ThePutnam County Rescue Squad began in 1952 and was established as a function of Civil Defense. Established in 1941, Civil Defense was originally developed to protect citizens from attacks and natural disasters. Following the Cold War, the Civil Defense focus shifted more from military type attacks to emergencies and disasters, eventually being replaced with the Federal Emergency Management Agency (FEMA) in 1979. The rescue squad was and is a volunteer unit working to help the Citizens of Putnam County during times of emergency or disaster. With primary duties of search and rescue, the squad was born with an old van, donated by the local telephone company and a dozen volunteer members at most, who had almost no equipment, official training, or certifications.

With the acquisition of a boat and trailer, Water Rescue was one of the first additional functions of the squad. Although, at the time, the function of water rescue was reserved for dragging waterways in search of drowning victims. Additionally added, as an emergency response service was extrication. Extrication is the practice of safely and swiftly removing victims from wrecked vehicles. It involved removing doors, bending and cutting on vehicle bodies to free entrapped victims. In the late 1970’s, the Rescue Squad obtained its first Jaws of Life, seen to the left, which was a vast improvement over hand tools for performing extrication.

In the past few years, other functions have emerged within the squad. Swiftwater rescue, called upon during flooding and for rescue stemming from accidents while people are using streams and rivers for recreation. A dive team, responsible for underwater searches for drowning victims, recovery of vehicles and other items beneath the water’s surface. The rope rescue team, specializes in rappelling/high angle/ mountain rescue, to gain access and retrieve victims from remote and often treacherous terrain. Special training in extrication also allows the squad to perform school bus rescue and extrication. A structural collapse and trench rescue team that specializes in confined spaces, unsafe structurally sound buildings, and trench cave-in rescues. Most recently the structural collapse team along with many other squad members was called upon during the March 2020 tornado event that affected so many in Putnam County. When someone’s loved one becomes lost and/or missing, the rural search and rescue team is tasked with searching for and finding the victim. The searches most often use basic land navigation and GPS navigation to cover large areas more efficiently. Putnam County contains a lot of rural communities and most of them have farming operations, the farm rescue team, are specially trained to deal with the large equipment often found on farms and the hazards that can be found on and around a farm to rescue farming accident victims. Additionally, Putnam County has numerous severe thunderstorms, heavy rainfalls, and the occasional tornado throughout the year, as a result, a team of storm spotters are often activated when a threat of severe weather is imminent to help local officials identify and locate the areas impacted by severe weather and to get notifications to the public as quickly as possible to give the citizens of Putnam County the most time possible to prepare. Most recently, the first responders, medically trained personnel ranging from Paramedics, EMT’s, to EMR’s are a team of individuals who respond along side Putnam County EMS. Often the first responders are the first on scene with a patient experiencing a medical or traumatic emergency and provide emergency medical care and stabilization until EMS arrives on scene.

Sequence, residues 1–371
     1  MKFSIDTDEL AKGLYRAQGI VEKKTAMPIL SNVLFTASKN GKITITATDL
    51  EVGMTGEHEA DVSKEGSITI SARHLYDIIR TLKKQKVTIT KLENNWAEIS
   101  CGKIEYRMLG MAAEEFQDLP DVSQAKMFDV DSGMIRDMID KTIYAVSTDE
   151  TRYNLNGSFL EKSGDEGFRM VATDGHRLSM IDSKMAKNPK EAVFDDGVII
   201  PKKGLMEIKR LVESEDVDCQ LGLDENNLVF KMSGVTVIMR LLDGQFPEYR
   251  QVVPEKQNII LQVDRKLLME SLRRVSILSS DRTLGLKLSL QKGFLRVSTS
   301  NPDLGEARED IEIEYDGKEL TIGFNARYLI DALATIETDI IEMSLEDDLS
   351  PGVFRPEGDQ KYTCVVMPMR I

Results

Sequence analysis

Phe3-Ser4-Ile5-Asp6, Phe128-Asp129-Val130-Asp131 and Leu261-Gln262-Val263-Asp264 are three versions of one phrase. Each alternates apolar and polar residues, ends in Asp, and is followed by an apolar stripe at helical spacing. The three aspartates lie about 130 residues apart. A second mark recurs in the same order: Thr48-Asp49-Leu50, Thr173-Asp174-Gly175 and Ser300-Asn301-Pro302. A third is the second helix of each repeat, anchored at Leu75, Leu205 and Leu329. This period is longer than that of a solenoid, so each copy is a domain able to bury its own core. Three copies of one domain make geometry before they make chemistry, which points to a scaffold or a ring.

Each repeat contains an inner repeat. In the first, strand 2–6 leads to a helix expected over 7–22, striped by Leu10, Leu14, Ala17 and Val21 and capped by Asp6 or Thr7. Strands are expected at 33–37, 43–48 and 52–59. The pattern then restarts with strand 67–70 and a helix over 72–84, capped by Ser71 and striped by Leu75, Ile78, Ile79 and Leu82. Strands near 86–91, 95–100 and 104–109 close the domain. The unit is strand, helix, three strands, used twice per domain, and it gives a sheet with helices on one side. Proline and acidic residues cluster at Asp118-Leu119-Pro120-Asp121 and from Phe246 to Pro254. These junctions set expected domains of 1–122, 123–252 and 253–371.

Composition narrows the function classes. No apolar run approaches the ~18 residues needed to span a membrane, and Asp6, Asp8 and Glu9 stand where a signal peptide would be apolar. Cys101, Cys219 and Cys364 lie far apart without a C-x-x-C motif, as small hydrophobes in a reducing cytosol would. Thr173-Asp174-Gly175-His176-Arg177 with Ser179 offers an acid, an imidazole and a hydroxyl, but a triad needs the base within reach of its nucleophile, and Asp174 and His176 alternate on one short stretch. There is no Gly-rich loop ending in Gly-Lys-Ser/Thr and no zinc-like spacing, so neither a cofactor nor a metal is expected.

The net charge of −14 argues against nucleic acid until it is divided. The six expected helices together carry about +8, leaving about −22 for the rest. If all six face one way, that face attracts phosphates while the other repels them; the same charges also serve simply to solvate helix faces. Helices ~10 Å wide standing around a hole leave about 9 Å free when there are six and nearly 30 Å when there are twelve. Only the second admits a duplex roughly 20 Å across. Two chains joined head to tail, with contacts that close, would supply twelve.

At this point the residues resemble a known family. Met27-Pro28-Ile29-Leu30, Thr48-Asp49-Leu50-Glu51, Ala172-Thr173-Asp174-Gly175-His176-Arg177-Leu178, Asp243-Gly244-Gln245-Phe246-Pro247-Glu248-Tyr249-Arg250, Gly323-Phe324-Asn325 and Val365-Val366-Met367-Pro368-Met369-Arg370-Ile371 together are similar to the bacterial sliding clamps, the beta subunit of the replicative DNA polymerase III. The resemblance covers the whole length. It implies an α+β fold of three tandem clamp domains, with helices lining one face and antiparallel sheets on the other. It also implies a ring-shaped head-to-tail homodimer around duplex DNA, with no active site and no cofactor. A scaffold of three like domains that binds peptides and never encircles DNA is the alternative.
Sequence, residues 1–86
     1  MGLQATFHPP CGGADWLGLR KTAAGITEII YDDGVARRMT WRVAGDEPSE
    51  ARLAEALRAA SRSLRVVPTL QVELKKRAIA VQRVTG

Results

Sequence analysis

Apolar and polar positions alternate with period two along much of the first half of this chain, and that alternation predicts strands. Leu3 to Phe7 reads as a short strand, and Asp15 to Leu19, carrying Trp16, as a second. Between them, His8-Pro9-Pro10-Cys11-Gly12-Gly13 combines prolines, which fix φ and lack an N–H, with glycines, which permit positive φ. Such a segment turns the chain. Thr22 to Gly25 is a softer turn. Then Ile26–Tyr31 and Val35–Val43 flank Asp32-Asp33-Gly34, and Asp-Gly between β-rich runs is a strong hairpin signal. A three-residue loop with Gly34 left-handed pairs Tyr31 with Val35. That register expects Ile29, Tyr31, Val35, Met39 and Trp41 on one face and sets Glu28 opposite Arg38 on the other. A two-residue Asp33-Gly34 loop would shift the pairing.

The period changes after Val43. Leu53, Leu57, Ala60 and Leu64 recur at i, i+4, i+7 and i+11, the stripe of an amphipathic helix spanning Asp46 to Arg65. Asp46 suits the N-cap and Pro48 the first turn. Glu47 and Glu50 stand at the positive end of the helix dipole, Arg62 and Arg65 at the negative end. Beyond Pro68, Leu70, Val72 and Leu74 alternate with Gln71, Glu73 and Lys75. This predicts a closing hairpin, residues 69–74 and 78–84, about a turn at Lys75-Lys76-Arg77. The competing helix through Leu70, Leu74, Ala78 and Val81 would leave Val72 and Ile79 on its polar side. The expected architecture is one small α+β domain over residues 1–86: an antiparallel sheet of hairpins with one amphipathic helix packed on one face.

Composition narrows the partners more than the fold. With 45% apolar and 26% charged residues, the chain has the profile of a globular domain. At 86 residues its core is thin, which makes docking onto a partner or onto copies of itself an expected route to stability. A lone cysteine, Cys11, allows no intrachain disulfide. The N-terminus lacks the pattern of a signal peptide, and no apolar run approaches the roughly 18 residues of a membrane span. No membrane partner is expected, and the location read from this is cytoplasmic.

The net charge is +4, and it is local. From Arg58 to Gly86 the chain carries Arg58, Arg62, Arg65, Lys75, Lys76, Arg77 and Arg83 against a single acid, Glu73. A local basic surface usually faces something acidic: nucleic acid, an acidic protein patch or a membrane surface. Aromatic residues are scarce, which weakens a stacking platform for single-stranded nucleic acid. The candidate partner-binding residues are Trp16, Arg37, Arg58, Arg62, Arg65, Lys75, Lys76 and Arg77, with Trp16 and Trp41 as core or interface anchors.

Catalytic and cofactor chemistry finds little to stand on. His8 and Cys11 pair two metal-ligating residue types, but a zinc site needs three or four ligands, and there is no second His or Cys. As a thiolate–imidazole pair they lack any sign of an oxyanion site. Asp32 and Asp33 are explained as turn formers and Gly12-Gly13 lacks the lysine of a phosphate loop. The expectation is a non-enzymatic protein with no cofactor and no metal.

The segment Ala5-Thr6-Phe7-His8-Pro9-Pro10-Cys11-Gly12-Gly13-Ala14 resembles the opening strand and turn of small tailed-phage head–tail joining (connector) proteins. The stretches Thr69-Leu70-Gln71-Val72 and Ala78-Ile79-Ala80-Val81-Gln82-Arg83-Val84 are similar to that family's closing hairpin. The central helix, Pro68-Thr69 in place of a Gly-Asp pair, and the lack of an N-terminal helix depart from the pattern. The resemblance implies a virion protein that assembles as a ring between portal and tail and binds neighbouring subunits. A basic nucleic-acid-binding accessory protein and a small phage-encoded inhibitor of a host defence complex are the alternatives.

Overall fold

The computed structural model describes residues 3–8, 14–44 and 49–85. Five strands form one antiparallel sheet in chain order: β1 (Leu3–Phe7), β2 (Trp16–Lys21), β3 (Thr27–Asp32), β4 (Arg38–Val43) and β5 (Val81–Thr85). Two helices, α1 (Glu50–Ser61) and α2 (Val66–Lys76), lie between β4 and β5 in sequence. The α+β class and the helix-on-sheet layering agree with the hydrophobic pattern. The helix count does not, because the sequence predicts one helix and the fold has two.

The squad now has a total of 14 vehicles in four locations throughout the county for a more rapid response, 2 boats and 1 swift-water rescue raft, 2 four-wheelers, 2 Kubota UTV’s equipped with a Medi-Bed for patient transport out of rugged areas, 1 Polaris Ranger, and 4 equipment trailers all loaded with different types of equipment to enable the squad to perform advanced special rescue operations.

Today, the squad has grown to approximately 70 dedicated members who train vigorously and respond to calls for service at all hours of the day and night, 7 days a week, 365 days a year. On average, the squad responds to over 1200 calls of distress annually, with that number increasing yearly. Our members, who are dedicated volunteers, love their community and put forth their own free time and resources to be ready at all times when the call comes in! This causes members to take time away from their families and has a financial impact as well. Each member understands that any call for service can involve circumstances that are life-threatening to not only the victims of the incident, but also the rescue members as well.

Positioned in middle Tennessee, Putnam County is home of multiple state and local parks and other rural areas which encompass large areas of wilderness, occasionally, an accident will happen in these sometimes-remote locations and require the squad to respond to few calls per year. Additionally, with Interstate 40 running pretty much through the heart of Putnam County, from mile markers 304 to 268, the squad responds to numerous traffic accidents annually just on I-40 alone in addition to the local and state roads throughout the county. The Putnam County Rescue squad participates in mutual aid agreements with surrounding counties, and responds to other counties when requested to assist in any capacity necessary to assist local departments to gaining access and retrieving victims as safely as possible.